UZBEKISTAN Radio Tashket 11925 F/d "Deniza" card, #7 of 10 in their "The Girls of Radio Tashkent" series. Anyone who collects all ten gets a date with the girl of their choice. I'm so excited! So far Kamilla (#5) is my favorite. (Dernoff) Did you read the fine print about the contest? You have to pay to fly her to New York City for the date. (Ray)

QSL News And Discussion

Jack Mann writes that he doesn't like to send e-mail reception reports. I prefer sending paper as you can believe it will be used for something, even if it is just to relieve a TP shortage. Well, Jack, I don't know about that. Printer paper is kind of stiff. Too much chance of getting a paper cut in a delicate spot. There's no way I'd send you a QSL if you did that to me. (Ray)

Andy Wyler writes that since getting his E-QSL from Radio Morobe in Papua-New Guinea last month that a computer virus has emptied out his bank accounts. Thanks, Andy. That explains their new transmitter. I logged them for the first time two days ago. (Ray)

Boris Barrios writes to correct his Radio Vanuatu QSL report in last month's column. The station did not send him a mouse pad. They sent him a mouse. Boris adds that the mouse is already having trouble adjusting to the colder weather in Montana.

I'm sure that many of you saw the report in last month's Listeners' Trashbag of two visitors to WRMI's Okeechobee transmitter site being eaten by pythons. The security camera videos of this incident that they put on YouTube are really cool. Jeff White e-mails me that blu-ray DVDs of this are available for just $19.95 plus shipping. Also a special QSL card is being planned. (Ray)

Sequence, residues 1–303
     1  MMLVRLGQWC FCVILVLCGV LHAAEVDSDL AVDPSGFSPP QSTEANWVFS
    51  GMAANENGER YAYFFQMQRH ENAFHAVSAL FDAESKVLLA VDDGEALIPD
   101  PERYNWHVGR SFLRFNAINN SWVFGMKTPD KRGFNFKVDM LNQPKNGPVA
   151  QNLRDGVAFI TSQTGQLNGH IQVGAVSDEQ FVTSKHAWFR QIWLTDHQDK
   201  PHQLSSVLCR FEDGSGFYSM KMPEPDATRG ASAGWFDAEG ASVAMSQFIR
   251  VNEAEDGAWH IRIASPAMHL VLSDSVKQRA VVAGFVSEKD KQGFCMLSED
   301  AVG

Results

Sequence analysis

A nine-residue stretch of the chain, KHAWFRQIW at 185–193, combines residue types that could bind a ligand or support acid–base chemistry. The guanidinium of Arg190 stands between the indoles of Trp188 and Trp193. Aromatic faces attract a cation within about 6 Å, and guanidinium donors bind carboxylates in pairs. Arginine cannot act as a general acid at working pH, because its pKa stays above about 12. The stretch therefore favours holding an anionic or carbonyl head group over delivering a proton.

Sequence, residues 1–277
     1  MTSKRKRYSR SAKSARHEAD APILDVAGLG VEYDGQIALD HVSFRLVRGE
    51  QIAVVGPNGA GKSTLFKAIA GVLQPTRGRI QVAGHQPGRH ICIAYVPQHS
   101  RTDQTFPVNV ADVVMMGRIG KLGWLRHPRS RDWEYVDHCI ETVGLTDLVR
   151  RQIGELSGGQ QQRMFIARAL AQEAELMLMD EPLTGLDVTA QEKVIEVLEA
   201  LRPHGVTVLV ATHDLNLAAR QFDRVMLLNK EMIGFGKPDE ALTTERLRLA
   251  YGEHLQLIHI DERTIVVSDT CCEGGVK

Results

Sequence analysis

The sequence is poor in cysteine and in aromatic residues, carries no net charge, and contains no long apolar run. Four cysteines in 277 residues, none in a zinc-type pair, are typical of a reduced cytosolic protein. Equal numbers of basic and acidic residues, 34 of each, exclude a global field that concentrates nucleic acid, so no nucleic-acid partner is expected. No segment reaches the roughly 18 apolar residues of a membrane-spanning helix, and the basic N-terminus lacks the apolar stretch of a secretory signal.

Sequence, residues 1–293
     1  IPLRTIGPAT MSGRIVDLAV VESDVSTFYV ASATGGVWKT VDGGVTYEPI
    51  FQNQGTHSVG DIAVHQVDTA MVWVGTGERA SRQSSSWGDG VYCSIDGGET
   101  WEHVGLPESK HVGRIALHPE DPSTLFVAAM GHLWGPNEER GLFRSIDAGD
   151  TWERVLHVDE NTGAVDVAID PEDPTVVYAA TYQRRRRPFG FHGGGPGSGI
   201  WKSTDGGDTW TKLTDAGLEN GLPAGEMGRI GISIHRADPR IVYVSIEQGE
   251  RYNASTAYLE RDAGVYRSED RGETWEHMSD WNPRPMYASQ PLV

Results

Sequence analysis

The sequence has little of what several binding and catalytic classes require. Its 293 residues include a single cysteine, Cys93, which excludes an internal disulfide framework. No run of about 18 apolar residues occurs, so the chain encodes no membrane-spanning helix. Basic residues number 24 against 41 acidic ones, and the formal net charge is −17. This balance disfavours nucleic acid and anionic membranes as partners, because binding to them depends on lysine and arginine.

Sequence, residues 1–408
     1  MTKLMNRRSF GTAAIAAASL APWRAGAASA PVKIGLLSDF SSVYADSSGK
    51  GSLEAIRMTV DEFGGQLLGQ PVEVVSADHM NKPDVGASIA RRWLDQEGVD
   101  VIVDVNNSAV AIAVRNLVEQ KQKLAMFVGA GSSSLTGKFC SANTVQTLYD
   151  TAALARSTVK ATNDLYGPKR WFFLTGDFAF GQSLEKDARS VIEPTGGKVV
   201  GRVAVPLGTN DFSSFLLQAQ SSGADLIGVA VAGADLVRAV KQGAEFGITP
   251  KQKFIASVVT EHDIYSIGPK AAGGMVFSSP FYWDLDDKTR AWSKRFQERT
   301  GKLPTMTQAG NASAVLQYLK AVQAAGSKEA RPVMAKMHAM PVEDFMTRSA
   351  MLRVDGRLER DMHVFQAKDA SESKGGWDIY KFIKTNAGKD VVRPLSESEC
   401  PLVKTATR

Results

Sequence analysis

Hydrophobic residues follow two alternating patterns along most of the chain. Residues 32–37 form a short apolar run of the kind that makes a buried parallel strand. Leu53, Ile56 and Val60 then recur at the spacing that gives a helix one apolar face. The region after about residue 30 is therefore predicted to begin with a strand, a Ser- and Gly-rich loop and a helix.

Finally, Chip Willis of Radio Free Asia e-mails that they are issuing a new series of QSL cards featuring traditional instruments from their target area. From the official press release:

The first card in the series shows a one-stringed botar from East Turkistan in China. This traditional musical instrument of the Uyghur people is played by vigorously banging the single string against a hard object, such as the musician's head. The finest versions of the botar have no strings and are generally considered to be the most pleasant to listen to, although only the most skilled musicians can play these more than about ten minutes.

The word botar comes from the Uyghur word for five strings. Most musical scholars believe this was an unsuccessful attempt to make the instrument appear more complicated than it really is. Others think that whoever named the instrument may have been playing it too vigorously.

At the hands of 15th century shepherds, these instruments were often used to perform unnatural acts with sheep. This traditional practice is still celebrated each year at the summer solstice festival with those sheep that are unable to find a suitable hiding place.

Traditionally botar strings were made of woven mouse-hairs methodically picked out of eagle droppings. Today it is more common to use polyester thread from old socks.

Thanks, Chip! I think I speak for all DXers when I say there is nothing I like better than learning something valuable and culturally signifcant from my QSL cards. By the way, any possibility that you guys could donate a botar for the auction at the next BLANDXFest?

Time to go potty!